The big picture gets bigger.
Ideas in science never stay static. One discovery builds on another. Our concepts of acids and bases have grown from the fundamental ideas of Arrhenius to Brønsted-Lowry to Lewis. Each step adds to our understanding of the world around us and makes the “big picture” even bigger.
Lewis Acids and Bases
Gilbert Lewis (1875-1946) proposed a third theory of acids and bases that is even more general than either the Arrhenius or Brønsted-Lowry theories. A Lewis acid is a substance that accepts a pair of electrons to form a covalent bond. A Lewis base is a substance that donates a pair of electrons to form a covalent bond. So, a Lewis acid-base reaction is represented by the transfer of a pair of electrons from a base to an acid. A hydrogen ion, which lacks any electrons, accepts a pair of electrons. It is an acid under both the Brønsted-Lowry and Lewis definitions. Ammonia consists of a nitrogen atom as the central atom with a lone pair of electrons. The reaction between ammonia and the hydrogen ion can be depicted as shown in Figure below.
The lone pair on the nitrogen atom is transferred to the hydrogen ion, making the NH3 a Lewis base while the H+ is a Lewis acid.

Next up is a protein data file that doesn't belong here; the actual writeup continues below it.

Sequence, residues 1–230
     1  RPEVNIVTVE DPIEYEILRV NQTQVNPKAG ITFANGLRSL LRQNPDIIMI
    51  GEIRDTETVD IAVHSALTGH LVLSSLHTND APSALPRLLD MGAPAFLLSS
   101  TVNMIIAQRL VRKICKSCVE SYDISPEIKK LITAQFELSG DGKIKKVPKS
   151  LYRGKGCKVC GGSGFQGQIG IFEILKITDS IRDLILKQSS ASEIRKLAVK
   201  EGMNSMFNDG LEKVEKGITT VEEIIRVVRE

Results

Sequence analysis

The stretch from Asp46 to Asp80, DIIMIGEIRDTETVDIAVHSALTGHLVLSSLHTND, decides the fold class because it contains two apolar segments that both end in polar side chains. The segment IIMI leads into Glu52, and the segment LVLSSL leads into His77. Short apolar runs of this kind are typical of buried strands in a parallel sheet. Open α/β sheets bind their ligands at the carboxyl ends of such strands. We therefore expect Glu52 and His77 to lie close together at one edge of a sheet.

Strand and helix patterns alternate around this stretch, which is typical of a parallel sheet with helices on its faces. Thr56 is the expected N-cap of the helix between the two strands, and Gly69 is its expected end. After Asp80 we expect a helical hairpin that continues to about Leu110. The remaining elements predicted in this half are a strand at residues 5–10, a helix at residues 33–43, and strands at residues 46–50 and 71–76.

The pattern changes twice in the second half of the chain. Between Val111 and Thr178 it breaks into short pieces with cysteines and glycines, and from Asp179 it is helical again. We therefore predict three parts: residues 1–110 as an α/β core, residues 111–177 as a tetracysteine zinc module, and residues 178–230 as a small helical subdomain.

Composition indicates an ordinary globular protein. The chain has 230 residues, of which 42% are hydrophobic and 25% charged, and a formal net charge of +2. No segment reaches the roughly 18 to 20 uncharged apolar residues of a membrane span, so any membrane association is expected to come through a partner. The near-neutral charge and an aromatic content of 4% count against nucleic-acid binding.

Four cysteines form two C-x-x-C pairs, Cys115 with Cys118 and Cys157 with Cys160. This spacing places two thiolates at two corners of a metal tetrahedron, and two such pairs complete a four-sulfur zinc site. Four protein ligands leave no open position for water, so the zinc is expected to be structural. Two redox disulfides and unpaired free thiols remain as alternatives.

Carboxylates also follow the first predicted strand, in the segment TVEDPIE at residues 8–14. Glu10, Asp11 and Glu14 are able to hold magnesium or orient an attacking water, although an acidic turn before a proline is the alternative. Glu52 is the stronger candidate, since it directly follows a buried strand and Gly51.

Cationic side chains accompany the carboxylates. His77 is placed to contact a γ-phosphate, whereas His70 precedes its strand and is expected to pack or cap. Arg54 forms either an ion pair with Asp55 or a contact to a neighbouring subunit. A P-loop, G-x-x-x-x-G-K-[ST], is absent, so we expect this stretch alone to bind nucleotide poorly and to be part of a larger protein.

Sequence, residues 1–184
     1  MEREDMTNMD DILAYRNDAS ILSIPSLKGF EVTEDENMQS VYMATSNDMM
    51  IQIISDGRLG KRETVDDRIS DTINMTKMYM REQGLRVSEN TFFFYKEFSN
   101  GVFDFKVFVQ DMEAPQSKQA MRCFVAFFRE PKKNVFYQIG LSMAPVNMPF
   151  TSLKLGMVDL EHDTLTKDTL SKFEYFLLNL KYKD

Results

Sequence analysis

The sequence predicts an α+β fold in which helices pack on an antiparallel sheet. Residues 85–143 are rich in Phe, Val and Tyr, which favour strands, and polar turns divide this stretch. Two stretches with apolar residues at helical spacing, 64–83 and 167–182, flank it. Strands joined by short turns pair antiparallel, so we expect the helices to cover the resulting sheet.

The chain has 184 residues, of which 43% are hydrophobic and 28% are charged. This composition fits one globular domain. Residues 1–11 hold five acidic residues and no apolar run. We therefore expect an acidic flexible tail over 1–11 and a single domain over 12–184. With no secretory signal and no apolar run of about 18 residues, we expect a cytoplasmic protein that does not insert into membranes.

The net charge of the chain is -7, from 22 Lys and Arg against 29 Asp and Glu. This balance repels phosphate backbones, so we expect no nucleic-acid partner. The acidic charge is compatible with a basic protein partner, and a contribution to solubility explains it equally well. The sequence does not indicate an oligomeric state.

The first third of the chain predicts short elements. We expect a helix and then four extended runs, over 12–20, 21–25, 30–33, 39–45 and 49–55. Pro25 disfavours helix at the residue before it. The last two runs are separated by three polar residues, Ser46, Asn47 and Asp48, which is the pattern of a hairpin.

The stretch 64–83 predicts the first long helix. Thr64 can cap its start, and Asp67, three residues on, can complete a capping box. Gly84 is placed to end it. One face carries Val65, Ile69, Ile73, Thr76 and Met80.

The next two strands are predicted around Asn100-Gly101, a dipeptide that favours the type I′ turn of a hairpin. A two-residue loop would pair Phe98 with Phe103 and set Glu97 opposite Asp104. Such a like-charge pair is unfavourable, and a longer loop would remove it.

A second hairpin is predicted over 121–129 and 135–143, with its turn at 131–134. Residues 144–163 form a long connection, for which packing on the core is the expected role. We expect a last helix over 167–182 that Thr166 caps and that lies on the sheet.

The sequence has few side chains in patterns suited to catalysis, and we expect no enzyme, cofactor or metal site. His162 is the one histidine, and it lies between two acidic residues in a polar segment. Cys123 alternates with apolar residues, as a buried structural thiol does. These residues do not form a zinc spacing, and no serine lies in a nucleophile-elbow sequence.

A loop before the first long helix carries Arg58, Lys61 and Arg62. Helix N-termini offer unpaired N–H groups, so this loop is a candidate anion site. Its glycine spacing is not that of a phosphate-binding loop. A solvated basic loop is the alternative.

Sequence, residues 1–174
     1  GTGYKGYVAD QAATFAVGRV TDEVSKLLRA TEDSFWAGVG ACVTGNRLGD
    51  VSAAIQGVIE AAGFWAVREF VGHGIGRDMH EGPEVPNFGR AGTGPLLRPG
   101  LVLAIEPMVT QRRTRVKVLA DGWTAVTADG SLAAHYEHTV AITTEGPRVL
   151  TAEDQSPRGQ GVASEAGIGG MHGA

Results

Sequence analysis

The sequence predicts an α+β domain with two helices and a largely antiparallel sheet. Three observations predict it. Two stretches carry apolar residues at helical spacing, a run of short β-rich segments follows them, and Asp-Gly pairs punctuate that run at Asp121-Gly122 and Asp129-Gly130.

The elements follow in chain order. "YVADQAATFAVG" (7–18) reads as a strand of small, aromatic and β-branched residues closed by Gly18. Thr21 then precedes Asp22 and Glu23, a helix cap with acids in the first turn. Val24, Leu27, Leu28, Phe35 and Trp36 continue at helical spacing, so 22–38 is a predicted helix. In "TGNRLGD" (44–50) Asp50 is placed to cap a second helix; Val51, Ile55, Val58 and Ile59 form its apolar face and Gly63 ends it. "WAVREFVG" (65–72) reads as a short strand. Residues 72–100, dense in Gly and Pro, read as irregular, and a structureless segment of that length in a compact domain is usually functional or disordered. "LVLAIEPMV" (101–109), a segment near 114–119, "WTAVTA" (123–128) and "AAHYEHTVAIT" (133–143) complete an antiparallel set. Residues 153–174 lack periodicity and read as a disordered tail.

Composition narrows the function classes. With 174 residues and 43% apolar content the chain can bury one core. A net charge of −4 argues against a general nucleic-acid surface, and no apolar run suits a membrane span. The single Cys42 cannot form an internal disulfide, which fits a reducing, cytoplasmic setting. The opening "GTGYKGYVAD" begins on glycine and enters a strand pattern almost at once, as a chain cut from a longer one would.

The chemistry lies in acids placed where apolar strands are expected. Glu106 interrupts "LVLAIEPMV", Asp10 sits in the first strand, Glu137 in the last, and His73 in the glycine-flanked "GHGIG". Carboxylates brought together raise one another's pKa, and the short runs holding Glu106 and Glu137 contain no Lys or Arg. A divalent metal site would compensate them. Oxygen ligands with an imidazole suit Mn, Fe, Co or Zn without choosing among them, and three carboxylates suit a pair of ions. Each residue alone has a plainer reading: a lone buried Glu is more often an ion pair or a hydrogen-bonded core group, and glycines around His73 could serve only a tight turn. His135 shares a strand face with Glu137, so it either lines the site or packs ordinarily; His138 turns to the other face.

Some reactions that do not qualify as acid-base reactions under the other definitions do so under only the Lewis definition. An example is the reaction of ammonia with boron trifluoride.
Boron trifluoride is the Lewis acid, while ammonia is again the Lewis base. As there is no hydrogen ion involved in this reaction, it qualifies as an acid-base reaction only under the Lewis definition. Table below summarizes the three acid-base theories.
|Arrhenius||H+ ions in solution||OH− ions in solution|
|Brønsted-Lowry||H+ donor||H+ acceptor|
|Lewis||electron-pair acceptor||electron-pair donor|
- Lewis acids and bases are defined.
- Examples of Lewis acids and bases are given.
- What is the difference between a Lewis acid or base and a Brønsted Lowry acid or base?
- What is required to happen in Lewis acid-base reactions?
- Do all Lewis acid-base reactions involve protons?